To a degree, this truism helps explain the supposedly inexplicable success of Donald Trump. For the plurality of GOP voters who adore him, Trump espouses all of their basest and most selfish suspicions about who is to “blame” for all the trouble in the world—principally, Mexicans, Muslims and the Chinese—while offering the most laughably vague and fantastical “solutions” to these (largely imaginary) problems: For all that anyone can decipher, Trump’s official agenda entails little more than waving a magic wand and bringing America’s enemies to heel.
For all of his odd (and occasionally admirable) digressions from traditional Republican orthodoxy, Trump’s overall shtick is to assure his minions they have done nothing to deserve their dire economic status and that all of their troubles can be willed away if they would only make Trump their party’s nominee.
Among Democrats the situation is more complicated, as the candidate who is most guilty of pandering to liberals’ sacred ideals is also the one most commended for “telling it like it is.” In point of fact, among all the major contenders on both sides, it has been Bernie Sanders whose essence as a potential president has warranted the most dramatic revision over the past year and change.
From the beginning, Sanders’ ace in the hole has been the notion that he—and not Hillary Clinton—is the one Democrat brave enough to identify the true sources of America’s glaring economic inequality (read: Wall Street and big banks) and to advocate for a “political revolution” to reverse the popular suffering those nefarious villains have caused.
Fair enough, but isn’t that a textbook case of telling voters what they want to hear? When speaking to a gaggle of class-conscious liberal Democrats—aka Bernie’s natural constituency—isn’t blaming wealthy speculators for virtually all of America’s ills just another form of preaching to the converted? Even if the charge itself is essentially true—and there is no doubt Sanders believes it to be true—what exactly is so courageous about pointing a finger at “them” in order to allow “us” to see ourselves as morally in the right?
In any case, Sanders’ real problem up to now has been his unwillingness and/or inability to square his wildest dreams about economic justice with the overwhelming arithmetical difficulty of enacting those ideals into law.
Bernie can bang on all he wants about how the greatest country on Earth should be able to provide health care and education for all of its citizens—a claim that, in effect, constitutes his entire stump speech—but so long as he continues to evade the obvious rejoinders—How much will it cost and why would Congress ever go along with it?—he is not telling us what we need to know.
If Sanders really wanted to make us uncomfortable—if he were to truly live up to his billing as the straight-talking-est candidate of them all—he would recognize the ways in which his opponent, Hillary Clinton, has been correct all along. He would acknowledge, for instance, that in order to change the system, you must work within (and with) the system, and that if you hope to get even half of what you want—in this case, some pretty enormous tax increases—you’d better be prepared to give something pretty sweet in return.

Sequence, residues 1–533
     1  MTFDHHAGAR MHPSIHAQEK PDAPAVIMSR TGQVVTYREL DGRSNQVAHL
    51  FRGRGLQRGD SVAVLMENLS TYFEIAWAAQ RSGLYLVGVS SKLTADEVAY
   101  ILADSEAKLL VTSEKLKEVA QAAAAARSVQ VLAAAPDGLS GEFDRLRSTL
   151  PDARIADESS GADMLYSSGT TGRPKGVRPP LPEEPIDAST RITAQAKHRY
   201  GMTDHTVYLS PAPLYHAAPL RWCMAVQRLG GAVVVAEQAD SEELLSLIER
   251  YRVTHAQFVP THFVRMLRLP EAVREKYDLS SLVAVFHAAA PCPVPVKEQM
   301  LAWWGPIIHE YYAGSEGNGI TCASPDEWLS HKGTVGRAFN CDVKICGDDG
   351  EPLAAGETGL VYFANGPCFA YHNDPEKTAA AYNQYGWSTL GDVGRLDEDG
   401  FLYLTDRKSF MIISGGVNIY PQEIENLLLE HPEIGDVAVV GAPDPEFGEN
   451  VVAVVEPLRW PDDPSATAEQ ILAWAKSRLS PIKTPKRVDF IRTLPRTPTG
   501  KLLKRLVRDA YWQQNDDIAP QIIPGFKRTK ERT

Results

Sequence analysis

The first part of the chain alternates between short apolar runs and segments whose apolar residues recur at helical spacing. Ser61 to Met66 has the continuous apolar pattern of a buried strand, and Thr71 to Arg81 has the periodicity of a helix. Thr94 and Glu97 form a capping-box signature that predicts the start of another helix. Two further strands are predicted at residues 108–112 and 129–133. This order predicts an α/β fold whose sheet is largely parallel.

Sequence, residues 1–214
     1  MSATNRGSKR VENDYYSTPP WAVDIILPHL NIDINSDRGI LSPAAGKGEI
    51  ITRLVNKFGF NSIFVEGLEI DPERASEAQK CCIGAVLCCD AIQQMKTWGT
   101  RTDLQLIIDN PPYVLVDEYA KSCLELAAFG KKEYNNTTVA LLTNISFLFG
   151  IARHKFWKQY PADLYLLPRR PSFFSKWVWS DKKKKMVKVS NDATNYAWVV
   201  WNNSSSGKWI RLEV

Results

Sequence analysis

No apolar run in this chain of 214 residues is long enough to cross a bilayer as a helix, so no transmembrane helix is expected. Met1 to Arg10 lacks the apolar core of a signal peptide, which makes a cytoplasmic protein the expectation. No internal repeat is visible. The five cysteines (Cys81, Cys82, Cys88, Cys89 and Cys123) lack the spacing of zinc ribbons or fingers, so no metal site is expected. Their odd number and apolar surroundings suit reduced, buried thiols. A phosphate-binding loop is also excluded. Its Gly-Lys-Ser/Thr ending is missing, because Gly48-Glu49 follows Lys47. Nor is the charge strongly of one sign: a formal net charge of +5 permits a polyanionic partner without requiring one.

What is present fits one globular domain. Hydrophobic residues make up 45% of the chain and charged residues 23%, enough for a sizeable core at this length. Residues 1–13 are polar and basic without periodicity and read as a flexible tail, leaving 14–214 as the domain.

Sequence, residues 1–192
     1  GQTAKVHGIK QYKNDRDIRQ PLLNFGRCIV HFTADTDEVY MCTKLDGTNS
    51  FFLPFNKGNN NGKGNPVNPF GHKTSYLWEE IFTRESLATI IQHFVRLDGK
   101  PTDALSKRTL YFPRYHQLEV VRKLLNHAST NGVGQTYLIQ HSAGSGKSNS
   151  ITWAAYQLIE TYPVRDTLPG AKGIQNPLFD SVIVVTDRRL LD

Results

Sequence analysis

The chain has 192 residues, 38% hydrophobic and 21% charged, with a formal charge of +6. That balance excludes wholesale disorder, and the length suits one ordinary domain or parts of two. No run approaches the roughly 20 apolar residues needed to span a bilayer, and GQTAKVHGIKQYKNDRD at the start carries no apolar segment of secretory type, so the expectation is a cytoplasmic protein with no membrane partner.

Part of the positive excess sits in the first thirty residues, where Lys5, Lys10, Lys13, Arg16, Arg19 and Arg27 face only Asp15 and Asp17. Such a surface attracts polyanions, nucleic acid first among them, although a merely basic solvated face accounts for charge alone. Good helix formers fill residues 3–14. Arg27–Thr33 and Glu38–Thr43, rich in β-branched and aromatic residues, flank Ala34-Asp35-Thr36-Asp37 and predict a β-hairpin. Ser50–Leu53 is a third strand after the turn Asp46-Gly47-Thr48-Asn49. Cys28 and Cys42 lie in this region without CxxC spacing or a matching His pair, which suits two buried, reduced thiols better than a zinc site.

Here (to quote Joseph Ellis again) is where we find “the most unattractive truth that you know is true,” which is that when it comes to governing, compromise is not just a virtue, but a necessity. Unless Sanders intends to rule by royal decree—a most peculiar form of socialism if ever I saw one—his administration will have to operate like every administration before it: Through a series of bargains and quid pro quos, with a fair share of wheeling, dealing and needling to go along with it.
In what has become just about everyone’s favorite song from Hamilton—you know the one!—we are ominously and depressingly reminded:
“The art of the compromise / hold your nose and close your eyes / we want our leaders to save the day / but we don’t get a say in what they trade away / we dream of a brand new start / but we dream in the dark for the most part.”
That’s government, folks: A long, painful stumble through the darkness in search of the tiniest, faintest glimmer of light. An election is a choice between better and worse, not good and bad—as Bill Maher has said, “Perfect is not on the menu”—and we should be very wary, indeed, of any candidate who presumes to possess a magic bullet that can cure our imperfect system once and for all.
Hillary Clinton, for all her equivocations and unscrupulousness, seems to grasp the inherent intractability of the government she intends to lead, and her relatively modest expectations for success are—in their own way—a form of political courage. She is the only major player in this year’s campaign who has told her own supporters they cannot have everything they want, so they might as well stop pretending otherwise.
Could it be that Hillary, and not Bernie, is the straight shooter we’ve been looking for this whole time? Or would that be a truth that we simply could not handle?